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Outpouring of support for Ice Center: San Mateo yet to decide what would be a suitable substitute for the site
April 25, 2014, 05:00 AM By Samantha Weigel Daily Journal

Samantha Weigel/Daily Journal
Attendees at Thursday night’s community meeting spoke in support of preserving the old ice rink at Bridgepointe Shopping Center in San Mateo.

Supporters of San Mateo’s former Ice Center gathered at a community meeting Thursday night in vehement anger because they claim that Bridgepointe Shopping Center owners failed to maintain their promise to preserve recreational use on the property.

Bridgepointe’s owner SPI Holdings submitted a pre-application to the city’s Planning Department last month requesting an amendment to the site’s master plan to allow it to build over the rink and construct retail space in its place.

San Mateo resident Dina Artzt said she’s passionately fought to keep the rink she took her son to for nearly 20 years before it closed last year. At least 500 people came to the meeting in uniform support of preserving what SPI had promised it would maintain when it purchased the property, Artzt said.

“Many lives have been negatively impacted as a result of the rink’s closure. We’re going to continue to demand the City Council represent the people and honor the intentions of the original master plan which clearly specified the rink was the recreational benefit that allowed Bridgepointe to be built,” Artzt said.

Peter Meier represented SPI at the meeting to discuss the pre-application and answer questions.

SPI had withdrawn its first pre-application to modify the zoning code in April 2013 because it thought things had become complicated and decided it wasn’t in a position to suggest what an alternate recreational amenity would be, Meier said.

This second pre-application is different in that it gives the city more authority to decide what would be a suitable substitute, Tricia Schimpp, planner for the city said previously.

But attendees questioned if SPI had just assumed supporters would have dispersed a year later and don’t think anything other than an ice rink would be a fair trade.

With the closure of Redwood City’s Malibu Grand Prix Family Entertainment Center last year, parents and kids clung tight to the possibility of the rink’s return.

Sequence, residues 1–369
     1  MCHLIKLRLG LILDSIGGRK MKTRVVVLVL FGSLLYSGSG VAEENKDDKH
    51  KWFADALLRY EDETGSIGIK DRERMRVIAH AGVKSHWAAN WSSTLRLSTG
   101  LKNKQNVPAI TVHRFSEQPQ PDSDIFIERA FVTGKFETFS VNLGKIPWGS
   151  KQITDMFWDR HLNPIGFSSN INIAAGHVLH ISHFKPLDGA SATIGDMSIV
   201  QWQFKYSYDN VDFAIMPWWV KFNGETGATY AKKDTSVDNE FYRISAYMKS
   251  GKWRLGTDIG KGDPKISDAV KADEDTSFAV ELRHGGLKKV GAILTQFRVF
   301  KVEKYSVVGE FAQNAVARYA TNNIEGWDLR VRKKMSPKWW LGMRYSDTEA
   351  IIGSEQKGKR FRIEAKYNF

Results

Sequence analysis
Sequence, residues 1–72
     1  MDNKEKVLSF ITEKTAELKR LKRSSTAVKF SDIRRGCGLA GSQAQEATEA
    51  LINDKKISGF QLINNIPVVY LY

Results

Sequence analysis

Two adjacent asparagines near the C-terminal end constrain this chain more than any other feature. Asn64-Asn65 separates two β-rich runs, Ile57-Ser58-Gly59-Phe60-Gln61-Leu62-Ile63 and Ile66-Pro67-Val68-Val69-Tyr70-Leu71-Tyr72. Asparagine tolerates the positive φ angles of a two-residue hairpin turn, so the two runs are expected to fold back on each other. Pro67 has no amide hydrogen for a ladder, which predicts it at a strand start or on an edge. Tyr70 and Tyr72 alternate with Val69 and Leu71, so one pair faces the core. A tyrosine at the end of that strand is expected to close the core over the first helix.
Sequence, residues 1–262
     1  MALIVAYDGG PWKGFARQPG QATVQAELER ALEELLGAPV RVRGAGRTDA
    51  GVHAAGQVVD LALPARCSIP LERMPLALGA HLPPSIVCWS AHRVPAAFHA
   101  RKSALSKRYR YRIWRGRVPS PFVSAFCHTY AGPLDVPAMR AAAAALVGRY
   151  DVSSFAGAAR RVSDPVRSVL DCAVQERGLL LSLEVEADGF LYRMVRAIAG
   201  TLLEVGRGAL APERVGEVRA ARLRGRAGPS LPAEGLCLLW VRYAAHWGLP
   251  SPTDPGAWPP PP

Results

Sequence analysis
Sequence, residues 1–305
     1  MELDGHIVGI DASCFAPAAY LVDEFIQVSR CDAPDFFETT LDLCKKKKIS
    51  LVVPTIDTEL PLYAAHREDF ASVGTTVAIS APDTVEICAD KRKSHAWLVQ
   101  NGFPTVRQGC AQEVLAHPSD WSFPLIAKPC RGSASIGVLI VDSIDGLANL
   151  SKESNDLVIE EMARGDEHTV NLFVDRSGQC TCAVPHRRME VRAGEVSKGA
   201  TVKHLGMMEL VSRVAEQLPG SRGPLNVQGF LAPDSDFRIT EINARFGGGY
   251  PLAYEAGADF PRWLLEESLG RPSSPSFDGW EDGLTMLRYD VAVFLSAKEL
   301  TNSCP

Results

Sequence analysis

“You don’t take recreational facilities from the children in our community. We don’t have enough; we have enough development already,” resident Christine Stiles said.

Yet the city cannot force SPI to reopen the rink, it can only prohibit it from building over it without first providing an alternative recreational use the City Council approves. If SPI isn’t granted a zoning amendment, it could opt to just keep the lot vacant.

In order to evolve and compete with the neighboring Stanford and Hillsdale shopping centers, SPI determined the space would be better served as retail, Meier said.

Some teens cited the ease with which they could shop online while parents reminded SPI there is no better attraction for out-of-towners as there’s a shortage of places to skate, not a shortage of malls.

Susan DeLance lives in San Jose and said the only reason she ever shopped at Bridgepointe was because she took her son there to skate.

“If you want to limit your sales to the local area, that’s fine. There’s nothing else in the area to draw people to Bridgepointe,” DeLance said.

Meier reminded the public the city would be receiving annual tax revenue and a monetary amount to be contributed toward a recreational use that would be determined at a later date. Regardless, it’s private, not public, property and SPI doesn’t plan on reopening the ice rink, Meier said. It will, however, work with the city and try to find a solution, Meier said.

Nearly all of Thursday night’s attendees argued for the preservation of the ice rink and for Richard Beames, it was about SPI following through with its commitment.

“You see all the kids in the room here? I’m trying to think [of] what I have to tell my kids, because the buyers of this property made a promise to the city, to the people of this city,” Beames said. “But I think the lesson I’m having to tell my kids is ‘if you make enough money son, you can break your promises.’ And I don’t think that’s a lesson you should have to tell your kids.”

The San Mateo Planning Commission will hold a study session to discuss the Bridgpointe pre-application to amend the Master Plan 6:30 p.m. Tuesday, May 27 at City Hall, 330 W. 20th Ave., San Mateo. For more information visit

(650) 344-5200 ext. 106



Tags: would, meier, recreational, application, bridgepointe, think,

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